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Macbeth Causes His Own Downfall

By twilight May 26, 2008 985 Words
In the story, Macbeth is ultimately responsible for the actions that lead to his fate .It could be argued that Macbeth is not totally to blame for his own destruction, allowing himself to be influenced by others. First, Macbeth ignores the voice of his own mind. He knows what he is doing is wrong even before he murders Duncan, but he allows Lady Macbeth and greed to cloud his judgment. Secondly, Macbeth willingly listens to the witches with no proff to believe if what they were saying was true. Macbeth could have dismissed the prophecies like Banquo did but instead he chose to believe in those miss-interpreted predictions, which ultimately lead to his own downfall.

Although the witches’ predictions are somewhat responsible for influencing Macbeth’s thoughts, no one tells Macbeth to kill Duncan. Macbeth is responsible for putting power into the hands of Lady Macbeth and letting her influence him. Finally, Macbeth acknowledges his guilt of wrong doing and is thereby responsible for his actions.. Although the witches’ predictions initiate Macbeth’s desire to become king, . When the second prophecy becomes a reality, Macbeth immediately thinks of murdering Duncan. “I am of Cawdor: If good, why do I yield to that suggestion / Whose image doth unfix my hair” (I, iii, 143-145). For the first time in the story, we see a dark side to the brave and courageous Macbeth.

Macbeth sees himself kill his ruler. Macbeth is horrified by the idea but his thoughts of going after his destiny still remain. Another example of Macbeth’s early thoughts of treachery occurs when Duncan formally names his son Malcom as his successor. “Stars, hide your fires; / Let not light see my black and deep desires: / The eye wink at the hand! yet let that be, /” (I, iv, 57-59). Macbeth is vexed at Duncan’s choice of successor and wishes to overleap the situation with murder. “This night’s great business into my dispatch; / Which shall to all our nights and days to come / Give solely sovereign sway and masterdom” (I, v, 75-77). Macbeth could have told his Lady to stop her plans. Instead, he lets himself be influenced. Macbeth puts power into the hands of Lady Macbeth by letting her arrange Duncan’s murder. “Will it not be received, / When we have mark’d with blood those sleepy two / Of his own chamber, and used their very daggers, / That they have done’t?” (I, vii, 82-85). Macbeth agrees with the plan, determined to win the throne. If Macbeth truly did not want to commit evil, he could have refused his Lady’s arrangements. Instead, Macbeth accepts the plans and goes further by asking Lady Macbeth to “mock the time with fairest show” (I, vii, 91). Although sometimes Macbeth wants the murder of Duncan, other times his thoughts show the contrary. Macbeth recognizes the thoughts of killing Ducan are immoral. Macbeth’s is conscious that is thoughts are evil, yet he does nothing to correct the situation. “My thought, whose murder yet is but fantastical, / Shakes so my single state of man that function / Is smother’d in surmise; and nothing is / But what is not” (I, iii, 149-152).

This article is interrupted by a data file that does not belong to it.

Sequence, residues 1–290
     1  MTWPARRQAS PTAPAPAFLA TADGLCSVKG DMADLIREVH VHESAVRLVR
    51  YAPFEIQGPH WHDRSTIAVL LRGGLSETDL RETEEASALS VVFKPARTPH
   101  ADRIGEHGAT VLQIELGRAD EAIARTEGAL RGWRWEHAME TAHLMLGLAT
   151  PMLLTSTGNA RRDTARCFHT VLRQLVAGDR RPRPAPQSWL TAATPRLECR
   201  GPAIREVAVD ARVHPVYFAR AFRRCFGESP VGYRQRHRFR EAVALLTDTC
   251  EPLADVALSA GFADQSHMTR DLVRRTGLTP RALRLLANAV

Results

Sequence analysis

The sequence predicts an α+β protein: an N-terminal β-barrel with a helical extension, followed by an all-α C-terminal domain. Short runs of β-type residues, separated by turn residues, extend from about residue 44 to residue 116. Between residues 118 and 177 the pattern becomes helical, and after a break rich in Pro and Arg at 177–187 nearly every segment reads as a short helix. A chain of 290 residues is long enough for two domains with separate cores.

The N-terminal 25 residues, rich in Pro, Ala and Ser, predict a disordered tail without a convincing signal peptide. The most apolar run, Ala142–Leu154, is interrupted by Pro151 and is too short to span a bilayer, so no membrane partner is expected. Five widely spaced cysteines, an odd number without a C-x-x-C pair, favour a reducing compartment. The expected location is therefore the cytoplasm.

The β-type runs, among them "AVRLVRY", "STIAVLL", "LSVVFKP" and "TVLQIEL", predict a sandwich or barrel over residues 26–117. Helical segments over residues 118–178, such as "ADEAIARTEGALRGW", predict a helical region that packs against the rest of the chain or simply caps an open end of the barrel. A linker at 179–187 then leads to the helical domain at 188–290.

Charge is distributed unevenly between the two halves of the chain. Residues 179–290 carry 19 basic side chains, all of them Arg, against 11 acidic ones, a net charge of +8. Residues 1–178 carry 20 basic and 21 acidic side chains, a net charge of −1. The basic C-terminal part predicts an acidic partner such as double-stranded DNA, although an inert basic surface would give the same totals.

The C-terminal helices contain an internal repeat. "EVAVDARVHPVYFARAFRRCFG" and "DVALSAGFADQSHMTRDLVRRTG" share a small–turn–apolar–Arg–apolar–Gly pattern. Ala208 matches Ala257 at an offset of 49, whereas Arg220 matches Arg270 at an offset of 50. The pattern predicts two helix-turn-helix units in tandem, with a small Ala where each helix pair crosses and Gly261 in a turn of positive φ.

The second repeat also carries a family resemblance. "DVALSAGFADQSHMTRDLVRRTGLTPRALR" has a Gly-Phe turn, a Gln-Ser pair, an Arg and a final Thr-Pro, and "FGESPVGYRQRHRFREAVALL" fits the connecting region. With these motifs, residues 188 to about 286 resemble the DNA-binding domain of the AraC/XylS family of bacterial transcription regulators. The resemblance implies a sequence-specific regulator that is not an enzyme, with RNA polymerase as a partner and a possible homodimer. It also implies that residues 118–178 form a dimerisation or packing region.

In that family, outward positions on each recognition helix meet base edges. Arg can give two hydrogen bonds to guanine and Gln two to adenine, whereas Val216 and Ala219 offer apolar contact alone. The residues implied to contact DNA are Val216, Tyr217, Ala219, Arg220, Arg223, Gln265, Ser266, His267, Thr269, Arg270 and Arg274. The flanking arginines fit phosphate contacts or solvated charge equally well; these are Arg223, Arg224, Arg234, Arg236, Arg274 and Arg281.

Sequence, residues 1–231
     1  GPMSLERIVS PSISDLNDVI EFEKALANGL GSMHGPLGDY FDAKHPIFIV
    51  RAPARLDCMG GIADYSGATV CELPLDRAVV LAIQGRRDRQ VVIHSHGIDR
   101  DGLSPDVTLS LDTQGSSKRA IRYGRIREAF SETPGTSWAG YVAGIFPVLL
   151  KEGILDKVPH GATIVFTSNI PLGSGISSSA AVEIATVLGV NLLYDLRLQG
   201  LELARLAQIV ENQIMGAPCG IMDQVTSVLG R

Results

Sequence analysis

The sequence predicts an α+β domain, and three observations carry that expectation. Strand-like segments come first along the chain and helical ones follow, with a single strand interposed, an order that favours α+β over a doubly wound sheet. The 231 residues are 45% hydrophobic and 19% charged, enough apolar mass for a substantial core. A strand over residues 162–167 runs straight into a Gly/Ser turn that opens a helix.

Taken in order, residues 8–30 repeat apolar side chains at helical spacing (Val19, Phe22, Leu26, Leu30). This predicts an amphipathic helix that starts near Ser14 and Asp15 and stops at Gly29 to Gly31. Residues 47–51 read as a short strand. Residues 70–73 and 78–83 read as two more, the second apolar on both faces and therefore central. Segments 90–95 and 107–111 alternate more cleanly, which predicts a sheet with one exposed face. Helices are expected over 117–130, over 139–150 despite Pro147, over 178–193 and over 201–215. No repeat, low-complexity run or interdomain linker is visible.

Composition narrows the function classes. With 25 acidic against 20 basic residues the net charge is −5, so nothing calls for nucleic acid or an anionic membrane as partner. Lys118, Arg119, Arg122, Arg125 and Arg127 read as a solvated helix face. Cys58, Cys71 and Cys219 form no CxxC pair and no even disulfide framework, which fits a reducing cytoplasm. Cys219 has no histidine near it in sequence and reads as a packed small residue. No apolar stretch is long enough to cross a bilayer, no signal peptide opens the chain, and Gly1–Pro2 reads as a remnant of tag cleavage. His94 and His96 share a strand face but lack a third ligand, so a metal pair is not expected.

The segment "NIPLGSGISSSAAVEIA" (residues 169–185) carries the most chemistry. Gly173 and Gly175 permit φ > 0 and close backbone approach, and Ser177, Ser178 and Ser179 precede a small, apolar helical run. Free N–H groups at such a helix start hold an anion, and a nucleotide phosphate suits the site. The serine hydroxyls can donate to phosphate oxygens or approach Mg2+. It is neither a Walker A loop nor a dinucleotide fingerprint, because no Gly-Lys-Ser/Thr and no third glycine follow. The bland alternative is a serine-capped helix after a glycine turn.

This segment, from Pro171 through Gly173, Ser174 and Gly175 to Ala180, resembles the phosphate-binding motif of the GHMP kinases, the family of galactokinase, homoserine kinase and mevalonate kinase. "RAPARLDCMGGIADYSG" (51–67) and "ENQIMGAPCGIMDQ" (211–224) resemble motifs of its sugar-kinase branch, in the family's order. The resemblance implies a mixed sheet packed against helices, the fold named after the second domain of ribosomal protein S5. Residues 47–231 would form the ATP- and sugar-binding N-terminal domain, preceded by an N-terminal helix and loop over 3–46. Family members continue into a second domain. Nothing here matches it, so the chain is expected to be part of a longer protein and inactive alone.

Macbeth shows that he has a conscience and that he can differentiate good from evil. In privacy, Macbeth re-thinks his plans to kill Duncan. Macbeth, reveals that he knows what he is about to do is immoral, and that justice will be repay him with evil. “We still have judgment here; that we but teach Bloody instructions, which being taught return To plague the inventor: this even-handed justice Commends the ingredients of our poison’d chalice To our own lips. He’s here in double trust: First, as I am his kinsman and his subject, Strong both against the deed: then, as his host, Who should against his murderer shut the door, Not bear the knife myself. Besides, this Duncan Hath borne his faculties so meek, hath been So clear in his great office, that his virtues Will plead like angel, trumpet-tongued, against The deep damnation of his taking off;” (I, vii, 8-20). Macbeth lists several reasons for going against the plan to kill Duncan. Therefore, Macbeth has time to think over his intentions and to take direct action. Macbeth is fully aware of the consequences of his actions and is thereby liable to be blamed for his fate. Spurred on by is own ambition Macbeth is responsible for his destructive fate. tThrough his thoughts, actions, and decisions Macbeth demonstrates his overwhelming guilt. Lastly, Macbeth acknowledges his guilt in several places in the story. Macbeth is aware that his thoughts are corrupt and he knows that justice will somehow punish him. However, even with all his power, Macbeth makes no attempt to reverse the situation and is thereby responsible for his tragic fate.

Macbeth then goes on to murder banquo, The fact that he murdered Banquo without any influence at all shows Macbeth’s true darkness inside him and what he was willing to do in order to be crowned king. Macbeth is eager to become king and lets his greed overtake his concious His goal to become king has taken control of his mind and he will stop for nothing. Macbeth is so stuck on the prophecie he feels that he is industructable.

There are some people who believe that we are not supposed to feel sympathy for Macbeth, that our eyes are drawn to him simply because he is an evil man. I disagree. I feel a little amount of sympathy for him and I’m fascinated by the complicated maze his mind twists itself into over the course of the play. In conclusion, I stronggly believe macbeth brought his own downfall . He had the power to stop himself at duncans murder, the struggle for power took him in till he was no more.

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